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FIA assesses state of play in fire industry with 2020 Market Conditions Survey

21 September 2020

THE FIRE Industry Association (FIA), Europe’s largest Trade Association for the fire safety sector, is currently carrying out its latest large-scale survey designed to assess the current conditions in play within the UK’s dedicated fire market.

The twelfth edition of the survey, which is conducted every year, asks businesses within the fire market to voice their opinions on various areas of trade, such as the number of orders and quotations provided, and also tracks their views on the ongoing need for training and personnel.

The FIA is asking businesses working within the fire sector to contribute to the survey, as this will form an essential piece of research and assist when it comes to predicting the market trends within the industry.  As an added incentive, those taking part will be able to receive the full report once the answers have been collated and, in addition, the chance to win an Amazon voucher worth £50..

The FIA promises full confidentiality. No individual names or businesses will be singled out within the report.

To take part, click on the link below that is applicable to you, depending on whether you or your business is a member or a non-member of the FIA:

FIA members survey

Non-FIA members survey

2019 results

Results of the eleventh edition of the survey conducted this time last year were extremely informative. The UK’s construction industry was forecast to grow by 5% in 2020 following a 1% forecast fall last year and an 8% fall in 2018. However, there were varying reports around these figures without any certainty based on the unknowns of the outcome of Brexit.

At the time, the FIA stated: “We should not be too disillusioned with these figures as there is and will be significant refurbishment works to bring existing buildings up to standard. To support this, according to the survey results, sales enquiries are definitely on the decrease compared with last year with a significantly higher percentage from the private sector over the public sector.”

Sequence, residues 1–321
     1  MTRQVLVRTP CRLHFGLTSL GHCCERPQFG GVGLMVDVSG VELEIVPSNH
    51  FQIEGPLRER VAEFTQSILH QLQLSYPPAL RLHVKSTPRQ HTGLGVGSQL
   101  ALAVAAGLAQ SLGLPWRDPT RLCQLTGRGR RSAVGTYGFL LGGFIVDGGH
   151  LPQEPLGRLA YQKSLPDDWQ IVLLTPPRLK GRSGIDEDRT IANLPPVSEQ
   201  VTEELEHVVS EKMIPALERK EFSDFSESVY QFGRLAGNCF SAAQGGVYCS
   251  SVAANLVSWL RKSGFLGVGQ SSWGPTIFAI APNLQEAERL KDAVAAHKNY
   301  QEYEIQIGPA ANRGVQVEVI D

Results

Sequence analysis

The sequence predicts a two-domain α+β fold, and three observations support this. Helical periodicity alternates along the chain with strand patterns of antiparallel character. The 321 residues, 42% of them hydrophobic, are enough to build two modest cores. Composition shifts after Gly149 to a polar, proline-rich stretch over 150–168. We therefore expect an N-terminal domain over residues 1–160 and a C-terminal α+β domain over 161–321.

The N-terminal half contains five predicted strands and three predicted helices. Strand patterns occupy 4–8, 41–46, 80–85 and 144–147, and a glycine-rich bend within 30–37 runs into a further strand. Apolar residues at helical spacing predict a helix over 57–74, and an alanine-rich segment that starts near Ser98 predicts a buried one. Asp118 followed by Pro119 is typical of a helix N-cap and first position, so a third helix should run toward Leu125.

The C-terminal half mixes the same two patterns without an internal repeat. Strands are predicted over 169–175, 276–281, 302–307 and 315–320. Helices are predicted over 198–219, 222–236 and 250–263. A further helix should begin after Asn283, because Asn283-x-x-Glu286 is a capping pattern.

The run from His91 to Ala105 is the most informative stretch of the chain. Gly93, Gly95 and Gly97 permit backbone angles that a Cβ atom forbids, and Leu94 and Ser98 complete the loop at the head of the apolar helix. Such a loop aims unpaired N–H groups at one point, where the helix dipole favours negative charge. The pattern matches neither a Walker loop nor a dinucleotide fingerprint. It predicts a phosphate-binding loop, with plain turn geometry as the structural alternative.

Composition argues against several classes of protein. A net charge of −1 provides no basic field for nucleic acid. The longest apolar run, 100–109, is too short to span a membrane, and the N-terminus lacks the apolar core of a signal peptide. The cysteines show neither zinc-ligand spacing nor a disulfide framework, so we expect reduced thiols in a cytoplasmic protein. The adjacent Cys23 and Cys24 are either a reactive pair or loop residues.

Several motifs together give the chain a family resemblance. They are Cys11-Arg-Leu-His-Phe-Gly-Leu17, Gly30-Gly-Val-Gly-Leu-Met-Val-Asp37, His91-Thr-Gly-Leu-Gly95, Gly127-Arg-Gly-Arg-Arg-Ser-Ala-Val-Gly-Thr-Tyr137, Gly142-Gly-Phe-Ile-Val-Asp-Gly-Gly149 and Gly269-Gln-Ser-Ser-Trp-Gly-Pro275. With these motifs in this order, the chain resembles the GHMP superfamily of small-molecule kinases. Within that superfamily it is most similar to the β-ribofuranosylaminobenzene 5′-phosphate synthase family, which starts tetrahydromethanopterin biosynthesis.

Geographically, increases were only seen in London, in the North East and (slightly) Scotland. There was also a good indication of conversion rate with orders mirroring the enquiry downturn and the private sector split slightly ahead. The FIA noted: “With the downturn in orders comes the inevitable reduction in recruiting, especially so at the skilled level, and the reduction in taking on apprentices.”

On the training front, there was a clear increase in those taking up training, perhaps in view of the “inevitable changes” coming from the post-Hackitt Review recommendations and a realisation that our industry’s competency levels need to be increased and defined. The predictions at the time only indicated further increases in training over the next 12 months.

There were various views on the number and value of tenders throughout this year, but more tenders require third party certification of the supplying company as a prerequisite. “This could be attributed to nervousness from the ‘Responsible Person’ following the shortfalls in checking the levels of competency of their suppliers in the past.”

Costs for FIA members’ suppliers were found to be increasing with the lead times remaining static overall. This time last year export sales were static (not surprising given the unknowns around Brexit). 50% (up from 30% in 2018) of SME businesses stated that they had begun their preparation for Brexit.